16. 16. Descriptive Research: • It presents picture of the specific details of a situation, social setting, or relationship. • Its primary purpose is to “paint a picture” using words or numbers, and to present a profile, a classification of types, or an outline of steps to answer questions such as who, when, where, and how. • It documents a causal process or mechanism and reports on the background or context of a situation.
  17. 17. Explanatory Research: • When encountering an issue that is known and with a description of it, we might wonder “why” things are the way they are. Addressing the “why” is the purpose of explanatory research. • Its primary purpose is to explain why events occur and to build, elaborate, extend, or test theory.
  18. 18. • It is done to test a theory’s predictions or principles. • Elaborate and enrich a theory’s explanation. • Extend a theory to new issues and topics. • Support or refute an explanation or prediction • Link issues or topics to a general principle. • Determine which of a several explanations is best.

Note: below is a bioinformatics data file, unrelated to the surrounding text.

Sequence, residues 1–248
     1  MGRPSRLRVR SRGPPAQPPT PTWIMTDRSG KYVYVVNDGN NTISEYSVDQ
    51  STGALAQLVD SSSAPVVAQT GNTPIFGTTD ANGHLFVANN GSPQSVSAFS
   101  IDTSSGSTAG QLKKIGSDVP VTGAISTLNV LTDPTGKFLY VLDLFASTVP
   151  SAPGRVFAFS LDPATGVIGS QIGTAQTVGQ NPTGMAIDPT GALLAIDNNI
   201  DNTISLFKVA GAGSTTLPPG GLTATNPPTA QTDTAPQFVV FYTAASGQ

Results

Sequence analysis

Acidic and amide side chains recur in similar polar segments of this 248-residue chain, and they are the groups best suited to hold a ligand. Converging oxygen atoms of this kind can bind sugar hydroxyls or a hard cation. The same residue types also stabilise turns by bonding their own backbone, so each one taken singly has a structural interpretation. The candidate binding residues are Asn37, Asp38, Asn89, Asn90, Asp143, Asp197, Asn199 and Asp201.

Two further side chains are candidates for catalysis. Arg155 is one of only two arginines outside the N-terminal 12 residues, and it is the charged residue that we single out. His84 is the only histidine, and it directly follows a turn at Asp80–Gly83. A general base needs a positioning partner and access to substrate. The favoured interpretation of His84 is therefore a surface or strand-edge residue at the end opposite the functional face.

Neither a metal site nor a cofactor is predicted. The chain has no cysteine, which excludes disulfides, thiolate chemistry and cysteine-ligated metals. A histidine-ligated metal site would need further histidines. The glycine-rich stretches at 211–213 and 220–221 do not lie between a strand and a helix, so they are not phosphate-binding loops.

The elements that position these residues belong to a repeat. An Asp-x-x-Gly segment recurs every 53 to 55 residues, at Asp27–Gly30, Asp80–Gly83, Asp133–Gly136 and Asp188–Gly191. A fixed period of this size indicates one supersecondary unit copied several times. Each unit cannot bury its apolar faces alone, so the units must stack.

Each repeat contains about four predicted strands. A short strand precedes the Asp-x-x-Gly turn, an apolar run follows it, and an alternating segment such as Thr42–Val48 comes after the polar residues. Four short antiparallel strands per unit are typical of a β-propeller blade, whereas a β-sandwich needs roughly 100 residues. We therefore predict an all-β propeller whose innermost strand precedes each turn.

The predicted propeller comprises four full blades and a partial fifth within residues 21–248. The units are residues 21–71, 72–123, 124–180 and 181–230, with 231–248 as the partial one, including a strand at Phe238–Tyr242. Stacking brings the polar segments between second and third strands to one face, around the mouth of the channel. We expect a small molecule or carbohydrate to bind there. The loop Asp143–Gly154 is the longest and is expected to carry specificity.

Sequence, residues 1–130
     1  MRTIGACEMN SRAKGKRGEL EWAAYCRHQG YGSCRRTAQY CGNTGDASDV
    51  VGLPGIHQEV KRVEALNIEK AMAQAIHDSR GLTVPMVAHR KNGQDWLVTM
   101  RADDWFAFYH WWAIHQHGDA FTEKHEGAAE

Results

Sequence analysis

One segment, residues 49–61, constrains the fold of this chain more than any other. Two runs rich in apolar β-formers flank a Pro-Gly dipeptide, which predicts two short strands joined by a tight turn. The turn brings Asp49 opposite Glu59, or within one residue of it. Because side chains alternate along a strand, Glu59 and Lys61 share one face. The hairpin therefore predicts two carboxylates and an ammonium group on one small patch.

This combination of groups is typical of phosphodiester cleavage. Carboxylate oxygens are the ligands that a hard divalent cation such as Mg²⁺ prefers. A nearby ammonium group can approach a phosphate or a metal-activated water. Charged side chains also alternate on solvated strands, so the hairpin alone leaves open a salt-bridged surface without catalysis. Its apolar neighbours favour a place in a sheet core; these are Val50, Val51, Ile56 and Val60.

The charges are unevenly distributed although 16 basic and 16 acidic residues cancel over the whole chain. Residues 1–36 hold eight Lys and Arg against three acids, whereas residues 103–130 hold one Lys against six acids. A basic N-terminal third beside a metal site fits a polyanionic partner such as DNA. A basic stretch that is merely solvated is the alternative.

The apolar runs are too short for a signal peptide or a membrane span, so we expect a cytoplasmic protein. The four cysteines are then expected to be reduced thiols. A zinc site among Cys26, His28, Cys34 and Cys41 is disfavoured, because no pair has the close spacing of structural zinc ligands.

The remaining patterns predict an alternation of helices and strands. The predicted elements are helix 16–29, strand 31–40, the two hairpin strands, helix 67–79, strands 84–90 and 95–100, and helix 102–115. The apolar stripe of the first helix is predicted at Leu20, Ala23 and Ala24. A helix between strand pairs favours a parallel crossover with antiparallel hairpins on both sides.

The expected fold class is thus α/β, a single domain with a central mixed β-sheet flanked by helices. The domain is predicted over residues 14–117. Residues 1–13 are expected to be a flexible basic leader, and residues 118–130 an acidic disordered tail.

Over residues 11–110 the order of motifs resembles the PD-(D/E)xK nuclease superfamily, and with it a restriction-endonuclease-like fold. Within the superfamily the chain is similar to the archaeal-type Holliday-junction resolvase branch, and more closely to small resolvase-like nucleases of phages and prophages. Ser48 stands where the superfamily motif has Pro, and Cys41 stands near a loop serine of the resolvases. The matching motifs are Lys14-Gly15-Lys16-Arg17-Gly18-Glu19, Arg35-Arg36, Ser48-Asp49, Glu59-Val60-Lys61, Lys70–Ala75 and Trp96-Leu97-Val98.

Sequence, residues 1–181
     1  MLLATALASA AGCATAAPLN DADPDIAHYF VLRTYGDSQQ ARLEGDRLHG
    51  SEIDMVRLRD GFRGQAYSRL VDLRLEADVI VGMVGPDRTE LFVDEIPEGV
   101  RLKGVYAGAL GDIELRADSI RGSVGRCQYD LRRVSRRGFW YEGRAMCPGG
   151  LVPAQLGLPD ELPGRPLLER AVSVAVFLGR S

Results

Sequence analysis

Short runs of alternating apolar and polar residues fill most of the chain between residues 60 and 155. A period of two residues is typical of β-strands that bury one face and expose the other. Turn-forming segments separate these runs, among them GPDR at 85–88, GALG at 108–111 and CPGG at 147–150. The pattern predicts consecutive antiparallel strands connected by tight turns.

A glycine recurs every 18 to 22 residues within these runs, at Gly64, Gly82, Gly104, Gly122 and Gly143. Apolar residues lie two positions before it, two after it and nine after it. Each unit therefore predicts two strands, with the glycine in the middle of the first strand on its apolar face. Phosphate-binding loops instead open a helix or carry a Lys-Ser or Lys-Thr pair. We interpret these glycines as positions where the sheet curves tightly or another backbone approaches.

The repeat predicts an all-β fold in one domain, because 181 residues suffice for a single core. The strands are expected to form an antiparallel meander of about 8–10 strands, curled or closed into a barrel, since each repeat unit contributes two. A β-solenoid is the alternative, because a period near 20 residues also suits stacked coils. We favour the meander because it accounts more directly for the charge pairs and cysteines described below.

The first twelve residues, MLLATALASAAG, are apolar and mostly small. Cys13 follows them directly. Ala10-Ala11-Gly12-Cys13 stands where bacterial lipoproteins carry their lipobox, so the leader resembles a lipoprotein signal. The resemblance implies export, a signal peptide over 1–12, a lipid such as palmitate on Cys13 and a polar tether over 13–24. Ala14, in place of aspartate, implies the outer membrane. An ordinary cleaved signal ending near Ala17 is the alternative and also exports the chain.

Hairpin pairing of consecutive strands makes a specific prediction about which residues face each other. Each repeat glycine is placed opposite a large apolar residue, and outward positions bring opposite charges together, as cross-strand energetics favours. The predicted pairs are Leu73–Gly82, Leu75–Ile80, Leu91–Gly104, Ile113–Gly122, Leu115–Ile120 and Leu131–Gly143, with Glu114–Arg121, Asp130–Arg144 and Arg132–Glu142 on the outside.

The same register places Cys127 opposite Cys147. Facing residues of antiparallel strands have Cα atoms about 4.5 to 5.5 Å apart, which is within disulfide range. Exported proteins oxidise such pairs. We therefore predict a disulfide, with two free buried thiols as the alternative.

19. 19. Other Types • Case Study Research • Cross Sectional Research • Longitudinal Research 1. Time-series Research 2. The Panel Study 3. Cohort Study
  20. 20. Case Study Research • It examines many features of a few cases. The cases can be individuals, organizations, movements, events, or geographic units. • The data on the case are detailed, varied, and extensive. • Most case study research is qualitative. By contrast, almost all cross-case (or non-case research) is quantitative.
  21. 21. Cross-Sectional Research • Any research that examines information on many cases at one point in time. Longitudinal Research • Any research that examines information from many units or cases across more than one point in time.
  22. 22. Types of Longitudinal Research Time-series Research • LR in which information can be about different cases or people in each of several time periods. Panel Study • LR in which information is about the identical cases or people in each of several time periods.
  23. 23. Cohort Study • It is similar to the panel study, but rather than observing the exact same people, it studies a category of people who share a similar life experience in specified period. • LR that traces information about a category of cases or people who shared a common experience at one time period across subsequent time periods.